Navigation from LEO: Current capability and future promise

June 8, 2017  - By

Editor’s Note: This online preview presents brief highlights from the upcoming July cover story in GPS World, “Navigation from LEO: Current Capability and Future Promise.” The article is by David Lawrence, H. Stewart Cobb, Greg Gutt, and Michael O’Connor of Satelles, Tyler G. R. Reid and Todd F. Walter of Stanford University, and David Whelan.


Webinar on Thursday. The Satellite Time and Location service described here will be covered in further detail in an upcoming free webinar on Thursday, June 15: Alternative PNT Services: LEO Satellite Time, Location and More.


Robust position, navigation, and timing services from low Earth orbit (LEO) are here today, providing augmentation to GPS where GPS isn’t available. The addition of navigation signals from LEO provides a number of benefits. The proximity of LEO satellites has the potential to provide much stronger signals than the distant GNSS core-constellations like GPS in medium-Earth orbit (MEO).

Today, the only LEO system with global coverage is the Iridium constellation used primarily for communications.

Figure 1 shows the 31-satellite GPS constellation in contrast with the 66-satellite Iridium network. The scale of the difference in distance (several Earth radii) is extraordinary. The result is that Iridium signals are 300 to 2400 times stronger than GNSS signals on the ground, making them attractive for use in position, navigation, and timing (PNT) applications where GNSS signals are obstructed.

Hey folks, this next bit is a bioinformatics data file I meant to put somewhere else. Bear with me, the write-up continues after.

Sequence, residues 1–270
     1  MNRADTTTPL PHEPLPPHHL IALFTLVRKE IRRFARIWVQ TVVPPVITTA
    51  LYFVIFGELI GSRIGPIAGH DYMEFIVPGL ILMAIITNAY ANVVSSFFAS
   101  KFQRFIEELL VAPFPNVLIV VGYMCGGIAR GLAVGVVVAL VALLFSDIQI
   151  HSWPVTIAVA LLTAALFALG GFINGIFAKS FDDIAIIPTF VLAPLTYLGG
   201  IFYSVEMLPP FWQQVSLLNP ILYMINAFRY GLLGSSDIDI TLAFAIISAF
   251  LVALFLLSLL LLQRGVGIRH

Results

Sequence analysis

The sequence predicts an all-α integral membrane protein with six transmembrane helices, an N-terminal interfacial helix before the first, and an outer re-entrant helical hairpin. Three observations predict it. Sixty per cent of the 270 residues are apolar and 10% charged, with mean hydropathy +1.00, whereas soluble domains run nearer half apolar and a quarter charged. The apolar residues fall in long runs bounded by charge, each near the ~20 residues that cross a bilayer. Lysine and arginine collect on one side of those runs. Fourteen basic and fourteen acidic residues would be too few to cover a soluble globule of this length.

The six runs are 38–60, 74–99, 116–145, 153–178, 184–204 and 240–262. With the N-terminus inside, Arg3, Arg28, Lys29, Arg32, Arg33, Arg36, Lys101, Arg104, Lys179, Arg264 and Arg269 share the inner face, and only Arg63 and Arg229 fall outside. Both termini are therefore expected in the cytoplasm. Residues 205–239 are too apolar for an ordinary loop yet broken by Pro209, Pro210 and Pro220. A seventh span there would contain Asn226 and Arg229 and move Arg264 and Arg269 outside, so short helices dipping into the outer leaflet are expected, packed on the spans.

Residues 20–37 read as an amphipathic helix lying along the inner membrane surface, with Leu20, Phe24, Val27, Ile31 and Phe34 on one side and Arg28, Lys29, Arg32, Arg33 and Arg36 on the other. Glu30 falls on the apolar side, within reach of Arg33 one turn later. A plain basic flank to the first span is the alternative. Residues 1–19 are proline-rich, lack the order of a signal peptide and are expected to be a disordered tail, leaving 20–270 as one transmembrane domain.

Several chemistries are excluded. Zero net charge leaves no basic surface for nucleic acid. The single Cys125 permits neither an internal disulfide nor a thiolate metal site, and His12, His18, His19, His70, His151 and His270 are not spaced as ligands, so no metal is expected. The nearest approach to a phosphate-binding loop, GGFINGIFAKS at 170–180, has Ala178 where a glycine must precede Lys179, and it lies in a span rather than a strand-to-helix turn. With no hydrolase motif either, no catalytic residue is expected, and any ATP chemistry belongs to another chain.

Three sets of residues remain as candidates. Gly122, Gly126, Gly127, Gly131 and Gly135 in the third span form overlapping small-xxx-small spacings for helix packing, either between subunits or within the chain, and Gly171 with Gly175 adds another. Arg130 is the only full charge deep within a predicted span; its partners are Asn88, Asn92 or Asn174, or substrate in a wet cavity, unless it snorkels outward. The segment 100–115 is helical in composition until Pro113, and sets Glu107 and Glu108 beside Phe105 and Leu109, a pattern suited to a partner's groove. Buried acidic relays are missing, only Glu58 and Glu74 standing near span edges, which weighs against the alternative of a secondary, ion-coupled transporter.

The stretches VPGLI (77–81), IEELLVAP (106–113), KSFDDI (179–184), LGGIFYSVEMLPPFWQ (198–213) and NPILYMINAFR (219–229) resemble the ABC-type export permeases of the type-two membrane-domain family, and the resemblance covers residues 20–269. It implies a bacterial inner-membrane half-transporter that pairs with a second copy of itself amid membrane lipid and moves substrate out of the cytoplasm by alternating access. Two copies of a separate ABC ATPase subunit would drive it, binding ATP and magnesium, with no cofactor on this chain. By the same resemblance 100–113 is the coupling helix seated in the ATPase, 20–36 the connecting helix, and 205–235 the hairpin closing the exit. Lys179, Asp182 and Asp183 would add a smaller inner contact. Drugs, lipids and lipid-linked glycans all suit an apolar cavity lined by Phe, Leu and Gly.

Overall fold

Figure 1. The 66 satellite Iridium constellation in low Earth orbit and 31 satellite GPS constellation in medium Earth orbit.

LEO-based PNT is now mainstream, in the form of real-time signals that have been delivered over the Iridium satellite network since May 2016. This service is made possible by Satelles in partnership with Iridium Communications Inc. in a service called the Satellite Time and Location (STL), a non-GNSS solution for assured time and location that is highly resilient and physically secure. Consumers, businesses, and governments are already using these LEO-based signals in environments with high GNSS interference or occlusion.

The security features of these signals are also used to reliably validate GNSS position, navigation and time (PNT) solutions in real time to help mitigate potential spoofing. Furthermore, the fast LEO orbits of Iridium generate Doppler-frequency signatures significantly stronger than GPS, increasing the utility of the STL signal for positioning applications.

STL field tests demonstrate a positioning accuracy of 20 meters and timekeeping to within 1 microsecond, all in deep attenuation environments indoors. This adds substantial robustness in augmenting the GNSS core-constellations like GPS and also allows for a standalone backup in many applications.

Along with its strong signals compared to the GNSS core-constellations in MEO, Iridium’s global coverage makes it ideal for use in PNT applications where GNSS is obstructed. Figure 1 shows the scale of the difference in altitude with Iridium at 780 kilometers and GPS at 20,200 kilometers. This has substantial implications not only for signal strength but also for coverage.